Review of Cradle Will Rock

It’s been some time since I’ve seen Cradle Will Rock [IMDB link] but surprisingly I’m still finding new things in it. It’s like a strong cup of coffee, well-brewed and with varying textures and flavors. Most of these tinge of politics and the social climate surrounding the great depression so it should be no surprise that it is right up my alley.

The latest little gem comes in the form of a conversation Nelson Rockafeller (played by John Cusak) has towards the end of the film about the new wave of Art that he and Hearst plan to create. A tour of Europe of abstract art so as to control anti-capitalist sentiment. To anyone familiar with the CIA’s connections to Jackson Pollack this should ring quite an alarm bell. As far as the rest of the film it is built upon such gems; Federal Theater’s demise in the midst of communist witch-hunting, Orson Welles’ bombastic attitude, Unionism, the death of Vaudeville, Diego Rivera’s feud over the mural in Rockafeller center.

The framing story is the true story of a musical set to open under the Federal Theater Project. The musical “The Cradle Will Rockâ€? is an overtly political, pro-union satire about struggles in a fictional town called “Steel-town.â€? The movie draws parallels between what the fictional play is representing and the reality of the film world by creating a fictional steel tycoon who is a friend of Rockafeller and Hearst.

There’s something amazing and alive about the film in that it captures the sentiment of a time where truly contrasting ideas were coming into conflict. As we gear up for this election year I grow more and more weary of two-party politics. The arguments and sentiment are skewed so far right that watching a movie like “Cradleâ€? really makes me long for the past. It’s fascinating to think there was a time only a few generations removed where fascism and socialism were considered viable political paradigms.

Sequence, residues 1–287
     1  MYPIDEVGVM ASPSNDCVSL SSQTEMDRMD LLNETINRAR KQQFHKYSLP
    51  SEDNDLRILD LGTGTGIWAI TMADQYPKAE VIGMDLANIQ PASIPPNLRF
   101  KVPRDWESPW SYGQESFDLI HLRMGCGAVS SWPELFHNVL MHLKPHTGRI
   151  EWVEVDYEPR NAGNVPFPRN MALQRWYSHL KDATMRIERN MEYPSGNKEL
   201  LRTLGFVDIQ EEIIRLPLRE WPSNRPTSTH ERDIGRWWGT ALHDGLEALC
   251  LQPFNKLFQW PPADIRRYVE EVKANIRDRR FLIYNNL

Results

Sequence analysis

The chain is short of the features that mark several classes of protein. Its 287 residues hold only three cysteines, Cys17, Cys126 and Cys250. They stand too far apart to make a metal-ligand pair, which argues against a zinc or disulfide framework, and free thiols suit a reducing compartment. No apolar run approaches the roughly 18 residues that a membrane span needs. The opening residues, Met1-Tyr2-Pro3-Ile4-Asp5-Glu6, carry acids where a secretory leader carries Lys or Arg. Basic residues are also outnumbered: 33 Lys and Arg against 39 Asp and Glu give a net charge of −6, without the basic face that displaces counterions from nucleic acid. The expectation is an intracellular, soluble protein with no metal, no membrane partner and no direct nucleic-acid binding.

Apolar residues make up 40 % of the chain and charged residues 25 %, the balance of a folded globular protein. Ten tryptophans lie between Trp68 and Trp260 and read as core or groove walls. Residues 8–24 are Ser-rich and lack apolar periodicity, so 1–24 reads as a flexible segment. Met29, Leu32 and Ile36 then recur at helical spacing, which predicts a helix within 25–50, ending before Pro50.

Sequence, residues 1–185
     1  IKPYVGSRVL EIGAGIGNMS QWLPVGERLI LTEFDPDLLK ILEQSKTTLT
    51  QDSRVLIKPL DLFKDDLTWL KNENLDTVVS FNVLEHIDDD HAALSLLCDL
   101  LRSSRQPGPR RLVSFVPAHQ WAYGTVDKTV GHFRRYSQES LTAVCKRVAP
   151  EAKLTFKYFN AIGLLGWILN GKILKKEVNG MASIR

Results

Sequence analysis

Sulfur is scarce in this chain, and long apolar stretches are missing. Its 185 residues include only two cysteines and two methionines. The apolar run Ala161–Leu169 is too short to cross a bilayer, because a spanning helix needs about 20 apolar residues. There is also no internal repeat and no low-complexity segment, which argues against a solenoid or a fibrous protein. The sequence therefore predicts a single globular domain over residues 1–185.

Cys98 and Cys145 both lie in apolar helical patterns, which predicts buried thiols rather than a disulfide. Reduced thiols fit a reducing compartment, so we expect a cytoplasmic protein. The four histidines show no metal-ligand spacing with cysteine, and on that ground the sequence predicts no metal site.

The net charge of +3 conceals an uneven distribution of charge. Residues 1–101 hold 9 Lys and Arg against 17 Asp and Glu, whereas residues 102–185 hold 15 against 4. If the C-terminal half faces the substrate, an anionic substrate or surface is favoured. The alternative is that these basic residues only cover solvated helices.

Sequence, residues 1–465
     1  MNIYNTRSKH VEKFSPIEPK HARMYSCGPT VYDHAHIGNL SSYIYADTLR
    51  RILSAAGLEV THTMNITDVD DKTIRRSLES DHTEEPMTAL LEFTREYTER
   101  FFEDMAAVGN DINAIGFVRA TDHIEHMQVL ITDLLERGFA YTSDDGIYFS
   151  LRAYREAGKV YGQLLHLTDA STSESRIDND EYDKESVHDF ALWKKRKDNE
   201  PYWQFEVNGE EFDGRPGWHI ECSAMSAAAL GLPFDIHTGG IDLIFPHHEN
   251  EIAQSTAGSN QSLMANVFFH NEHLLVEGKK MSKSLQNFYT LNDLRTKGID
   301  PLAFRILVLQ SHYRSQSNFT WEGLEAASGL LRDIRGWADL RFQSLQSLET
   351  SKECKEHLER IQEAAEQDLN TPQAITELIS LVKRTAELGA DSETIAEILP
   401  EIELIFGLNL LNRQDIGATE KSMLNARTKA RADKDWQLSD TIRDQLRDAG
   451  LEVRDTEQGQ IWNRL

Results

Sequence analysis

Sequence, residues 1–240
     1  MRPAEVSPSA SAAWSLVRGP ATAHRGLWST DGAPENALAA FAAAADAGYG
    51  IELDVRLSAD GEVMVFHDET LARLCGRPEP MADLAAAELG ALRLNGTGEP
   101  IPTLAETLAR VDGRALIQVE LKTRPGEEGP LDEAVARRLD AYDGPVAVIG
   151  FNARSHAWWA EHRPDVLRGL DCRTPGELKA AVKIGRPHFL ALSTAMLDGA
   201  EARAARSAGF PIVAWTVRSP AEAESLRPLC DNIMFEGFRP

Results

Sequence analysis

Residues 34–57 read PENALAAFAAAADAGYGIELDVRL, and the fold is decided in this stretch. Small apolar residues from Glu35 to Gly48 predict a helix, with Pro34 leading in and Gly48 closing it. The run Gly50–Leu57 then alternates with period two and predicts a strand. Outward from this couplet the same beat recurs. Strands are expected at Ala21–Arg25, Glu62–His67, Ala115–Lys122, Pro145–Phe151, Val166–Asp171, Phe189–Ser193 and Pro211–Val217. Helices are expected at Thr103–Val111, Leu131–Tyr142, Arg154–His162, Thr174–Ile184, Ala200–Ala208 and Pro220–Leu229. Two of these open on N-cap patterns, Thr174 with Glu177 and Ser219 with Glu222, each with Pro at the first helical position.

There was much pain during these times I’m sure but we see a similar trend today with bank’s closing and a mortgage crisis. What we don’t, however, see is a reciprocal rise in workers standing up for their rights. We don’t see large scale organizing and for the most part the greedy robber-barons — in bed with politicians go largely uncheck as society becomes more and more apathetic.

I’m not saying I’m better than the rest of them. It just is somewhat sad and disappointing that I find more interesting political stories in a movie set 8 decades the past than in today when we truly need charismatic leaders and change.

That said the movie has also wonderful stories about art. Aside from the fascinatingly true story of Diego Rivera’s commission for 30 Rockafeller center which alone would make a pretty fascinating movie we get to see Orson Welles in his prime. Pre-Citizen Kane but at the height of his theater and radio popularity Welles is played with over the top charisma by Angus Macfadyen. It’s a scene with Welles that delivers my favorite dialog in the film and some of my favorite all time of any movie.

In a cab Orson Welles the director of the play has a chat with John Houseman the producer and Marc Blitzstein the writer.

Blitzstein: “I am faithful to the ideals of the party.â€?

Welles: “I am faithful to the party of ideals.â€?

Houseman: “You are faithful to the idea of a party!â€?


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